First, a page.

With California’s wildfires growing deadlier and bigger than ever, the state’s largest power company admitted to the largest corporate homicide in American history. PG&E killed 84 people by when its power lines started the 2018 Camp Fire that destroyed the town of Paradise. Our investigation will take you behind the scenes of the criminal prosecution and look into how PG&E and the California state government are avoiding accountability.
Chapter one: 'Run to Failure'
ABC10 Investigation: Evidence used to convict PG&E of the 2018 Camp Fire shows the company knew old parts needed replacing, but tried to show they could last longer.
Read the full story here and watch all episodes of FIRE -- POWER -- MONEY below for more in-depth stories about the relationship between PG&E and California's wildfire crisis.
Chapter two: 'Junk Science'
An ABC10 investigation reveals how PG&E made shutoff decisions to prevent wind-sparked wildfires without good wind data. PG&E could have afforded to do better.
Watch all episodes of FIRE -- POWER -- MONEY below for more in-depth stories about the relationship between PG&E and California's wildfire crisis.
Chapter three: Season Two Special
Season two's FIRE – POWER – MONEY special combines the major findings of all four episodes examining the connection between wildfires, PG&E and its influence on state politics as California’s wildfires continue to worsen.
For a more in-depth look into the wildfire and PG&E crisis, watch all four episodes below.
Chapter four: Episode One: It Was A Crime
As California wildfires break records due to a combination of overgrown forests and climate change, the state faces another crisis: our biggest power company is a criminal enterprise with a tendency to spark wildfires. PG&E is now guilty of America’s largest corporate manslaughter. Experts say PG&E hasn’t cleaned up its act and worry it will kill again.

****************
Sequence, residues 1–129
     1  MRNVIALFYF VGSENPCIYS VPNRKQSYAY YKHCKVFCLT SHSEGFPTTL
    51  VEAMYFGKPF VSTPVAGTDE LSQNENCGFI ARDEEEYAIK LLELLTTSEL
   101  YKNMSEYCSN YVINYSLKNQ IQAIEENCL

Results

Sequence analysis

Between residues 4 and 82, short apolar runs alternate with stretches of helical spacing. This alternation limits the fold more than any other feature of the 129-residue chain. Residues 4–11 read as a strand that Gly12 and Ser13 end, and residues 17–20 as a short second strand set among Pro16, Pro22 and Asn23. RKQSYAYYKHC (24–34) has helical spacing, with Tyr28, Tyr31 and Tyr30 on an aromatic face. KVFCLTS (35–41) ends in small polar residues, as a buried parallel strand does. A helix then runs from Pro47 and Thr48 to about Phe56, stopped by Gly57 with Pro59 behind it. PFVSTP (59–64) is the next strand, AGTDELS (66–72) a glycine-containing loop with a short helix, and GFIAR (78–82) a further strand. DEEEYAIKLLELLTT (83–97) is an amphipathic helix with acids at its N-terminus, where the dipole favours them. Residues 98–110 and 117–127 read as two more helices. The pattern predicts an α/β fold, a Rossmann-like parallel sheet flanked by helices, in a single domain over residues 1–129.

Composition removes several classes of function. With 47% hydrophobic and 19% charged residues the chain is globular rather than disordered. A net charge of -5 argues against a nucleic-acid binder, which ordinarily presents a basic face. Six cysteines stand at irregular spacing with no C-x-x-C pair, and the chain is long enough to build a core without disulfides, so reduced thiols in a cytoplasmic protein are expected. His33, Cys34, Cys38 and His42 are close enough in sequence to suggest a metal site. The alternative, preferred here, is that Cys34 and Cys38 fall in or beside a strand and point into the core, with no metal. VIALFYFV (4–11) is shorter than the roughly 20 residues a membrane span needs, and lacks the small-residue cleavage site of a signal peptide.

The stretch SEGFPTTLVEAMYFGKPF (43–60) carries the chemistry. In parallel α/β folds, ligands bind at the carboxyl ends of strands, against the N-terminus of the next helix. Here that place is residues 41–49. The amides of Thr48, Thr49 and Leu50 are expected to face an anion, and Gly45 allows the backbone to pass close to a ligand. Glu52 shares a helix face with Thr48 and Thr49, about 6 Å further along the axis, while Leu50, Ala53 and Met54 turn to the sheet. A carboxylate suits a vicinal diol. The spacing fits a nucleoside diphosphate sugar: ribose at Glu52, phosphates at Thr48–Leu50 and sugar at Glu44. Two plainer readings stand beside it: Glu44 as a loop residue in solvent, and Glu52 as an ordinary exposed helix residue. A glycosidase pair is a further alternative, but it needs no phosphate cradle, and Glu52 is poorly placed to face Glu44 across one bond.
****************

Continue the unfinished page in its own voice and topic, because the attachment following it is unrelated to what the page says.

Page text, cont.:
Chapter five: Episode Two: Criminal Thinking
PG&E owns and operates the biggest machine in California: our electric grid. To prevent the machine from sparking wildfires, PG&E implemented planned blackouts during windstorms. But are these blackouts really working? PG&E is already the subject of a new homicide investigation.
Chapter six: Episode Three: Killer Corporation
PG&E pleaded guilty as charged to the manslaughter of 84 people, but it tried to avoid being charged at all. We take you inside the criminal investigation and reveal never-before-shared details about the struggle to bring PG&E to justice. The prosecution team shares that one state agency got in their way.
Chapter seven: Episode Four: The Whistleblower
PG&E’s state government regulator decided not to punish the company with a fine for safety violations that led to deadly wildfires. The agency’s former director explains that what the state government promoted as the “largest penalty ever” was actually no penalty at all.
Watch Season 1:
As California’s wildfires continue to break records due to overgrown forests and climate change, the state faces another crisis. The biggest power company is a convicted felon with a tendency to spark new fires. PG&E is guilty of America’s largest corporate manslaughter case. Experts say PG&E has avoided accountability for its crimes and worried the power company will kill again. But how did we get here? Can anyone force PG&E to be safer?
To contact the team with tips, email Investigative Reporter Brandon Rittiman at email@example.com or fill out our form below.